Doughty said this appears to have been a mature adult minke whale, about 22 feet long and weighing between 5,000 and 6,000 pounds. Minke whales are the smallest of the “great whales” or rorquals, and are members of the baleen whale family. The minke whale population status is considered stable, so it is not listed as endangered or threatened, but is still protected under the Marine Mammal Protection Act. The minke population may have been reduced to half its original numbers by commercial whaling in the western North Pacific and eastern North Atlantic oceans.

The cause of death of a whale, “does depend on the particular animal. There is currently an unusual mortality rate for large whales in the northeast region” that has been on-doing since 2016-2017, she said. “So it’s kind of an open investigation for large whale cases for humpbacks, minkes and right whales up and down the east coast.”

Doughty said that deaths of large whales normally occur during the warmer months. “We do get probably two to three cases a year” of whale deaths in Maine, she said. “We do treat each one kind of as a way to gain more valuable and scientific information to what may be going on.”

Although no definite reason for the increased deaths has been found, minke and other whales are threatened by whaling, entanglement in fishing gear, ocean noise, habitat disturbance and vessel strikes, according to NOAA Fisheries.

During the necropsy, Doughty had help with the sampling process from Tristan Burgess, BVSC PHD, a veterinarian with Acadia Wildlife Services. Also helping were Dominique Walk, assistant stranding director for MMoMe; Katie Gilbert, a volunteer; and interns Lexi Right and Madison Roberts.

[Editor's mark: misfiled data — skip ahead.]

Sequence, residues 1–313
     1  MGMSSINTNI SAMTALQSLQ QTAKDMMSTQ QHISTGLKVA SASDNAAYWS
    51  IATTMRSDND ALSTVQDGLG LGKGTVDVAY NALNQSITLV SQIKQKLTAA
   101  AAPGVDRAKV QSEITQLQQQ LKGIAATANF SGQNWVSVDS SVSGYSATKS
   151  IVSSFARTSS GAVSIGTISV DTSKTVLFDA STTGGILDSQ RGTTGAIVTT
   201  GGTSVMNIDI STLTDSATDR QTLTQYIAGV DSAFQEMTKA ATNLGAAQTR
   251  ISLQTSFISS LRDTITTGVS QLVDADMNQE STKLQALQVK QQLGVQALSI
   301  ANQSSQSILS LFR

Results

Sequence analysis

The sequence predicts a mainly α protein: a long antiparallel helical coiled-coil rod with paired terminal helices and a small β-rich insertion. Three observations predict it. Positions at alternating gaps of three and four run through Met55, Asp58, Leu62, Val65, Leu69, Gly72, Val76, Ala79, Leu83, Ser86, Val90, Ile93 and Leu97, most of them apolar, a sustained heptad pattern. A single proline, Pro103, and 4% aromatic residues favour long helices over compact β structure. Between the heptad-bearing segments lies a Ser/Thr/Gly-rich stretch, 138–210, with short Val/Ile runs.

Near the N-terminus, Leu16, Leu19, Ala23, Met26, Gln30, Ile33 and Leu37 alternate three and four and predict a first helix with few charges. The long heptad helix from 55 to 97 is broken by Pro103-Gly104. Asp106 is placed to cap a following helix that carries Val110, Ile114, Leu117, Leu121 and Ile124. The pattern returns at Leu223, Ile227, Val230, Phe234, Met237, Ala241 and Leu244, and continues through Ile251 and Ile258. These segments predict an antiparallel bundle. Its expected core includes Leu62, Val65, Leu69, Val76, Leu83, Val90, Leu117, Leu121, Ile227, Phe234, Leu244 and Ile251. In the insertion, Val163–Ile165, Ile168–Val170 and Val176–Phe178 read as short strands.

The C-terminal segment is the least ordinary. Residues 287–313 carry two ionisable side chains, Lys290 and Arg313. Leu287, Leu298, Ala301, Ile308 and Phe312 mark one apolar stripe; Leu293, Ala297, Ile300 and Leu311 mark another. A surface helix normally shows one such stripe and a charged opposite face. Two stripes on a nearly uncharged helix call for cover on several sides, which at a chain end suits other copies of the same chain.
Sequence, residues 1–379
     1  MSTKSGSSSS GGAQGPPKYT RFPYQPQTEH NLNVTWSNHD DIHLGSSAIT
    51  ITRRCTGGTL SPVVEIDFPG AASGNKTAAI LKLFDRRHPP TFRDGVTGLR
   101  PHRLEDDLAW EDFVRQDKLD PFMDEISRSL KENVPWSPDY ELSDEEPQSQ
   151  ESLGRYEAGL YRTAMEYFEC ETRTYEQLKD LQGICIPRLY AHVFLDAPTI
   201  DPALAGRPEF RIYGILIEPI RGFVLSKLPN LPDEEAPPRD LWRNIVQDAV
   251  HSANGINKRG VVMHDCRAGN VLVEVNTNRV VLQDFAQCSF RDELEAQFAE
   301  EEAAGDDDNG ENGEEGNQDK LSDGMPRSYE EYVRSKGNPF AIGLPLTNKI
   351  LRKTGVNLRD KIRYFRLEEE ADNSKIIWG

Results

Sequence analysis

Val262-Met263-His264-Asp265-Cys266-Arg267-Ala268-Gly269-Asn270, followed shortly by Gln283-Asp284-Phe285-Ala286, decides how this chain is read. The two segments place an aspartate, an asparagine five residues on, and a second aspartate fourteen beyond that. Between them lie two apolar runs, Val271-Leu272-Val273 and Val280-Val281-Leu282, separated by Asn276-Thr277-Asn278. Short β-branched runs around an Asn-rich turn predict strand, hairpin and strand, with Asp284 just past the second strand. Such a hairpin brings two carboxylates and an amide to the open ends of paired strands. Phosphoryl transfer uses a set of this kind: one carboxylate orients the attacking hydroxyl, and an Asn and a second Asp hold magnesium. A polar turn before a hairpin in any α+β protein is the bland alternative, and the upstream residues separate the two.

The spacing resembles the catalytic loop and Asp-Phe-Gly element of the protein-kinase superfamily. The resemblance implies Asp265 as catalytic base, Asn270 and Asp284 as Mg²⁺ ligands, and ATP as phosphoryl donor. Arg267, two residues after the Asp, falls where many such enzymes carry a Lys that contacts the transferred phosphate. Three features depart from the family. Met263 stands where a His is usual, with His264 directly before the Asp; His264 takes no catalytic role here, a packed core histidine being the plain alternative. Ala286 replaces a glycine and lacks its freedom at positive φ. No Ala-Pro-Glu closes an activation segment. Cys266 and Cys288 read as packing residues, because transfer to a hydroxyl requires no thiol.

The MMoMe team cut through the skin and blubber to reach the internal organs of the whale. They took samples of the various parts of the animal. “Because the blubber is so heavy, you have to kind of cut it down in certain sections” to reach the inside, Doughty said. “Once we peel back the skin and muscle, then we kind of look at everything before we start to sample, and kind of see where everything is situated and take photographs.” The process is documented piece by piece.

 For disease testing for some of the major organs that are viable, the team will look for bacterial or viral infections and take culture swabs of certain areas. They also look at the skin and muscles for any inflammation. “We look at everything from outside in, to see if there are any patterns at all” that would indicate the cause of death, she said. They take blubber samples and muscles samples, as well, and getting results back from the lab “could take months.”


Benson said his compositing facility in Gorham is licensed by the Maine Department of Environmental Protection to accept fish waste. “We kind of met up with Linda . . . through Maine DEP,” when she was looking for a place she could take deceased marine animals such as whales to perform necropsies on them.

Benson Farm composts the carcasses when Doughty has finished her procedures. The whales are a protected species, so MMoMe collects the bones after the composting process completes. Benson said he provides his service as a donation to the organization.

While the composting process is similar to that found in the traditional garden compost pile or pit in the backyard of some gardeners, Benson said he uses a more scientific process. He adds “the right amount of carbon, nitrogen, air and moisture to make it get as hot as it possibility can, to make it compost in the shortest time possible.” Temperatures are maintained from 125-155 degrees Fahrenheit to speed the process.

Depending on the weather and the size of the carcass, the composting process could take as much as three months. The compost from whales and other endangered species is kept separate from the farm’s commercial compost blends, and instead is donated to local municipal and non-profit organizations.

Composting is as old as civilization, Benson said. It is “the oldest science probably in the world, since the oldest species has been decomposing. So it’s not new science!”

The farm has facilities for MMoMe team members to clean up after a necropsy.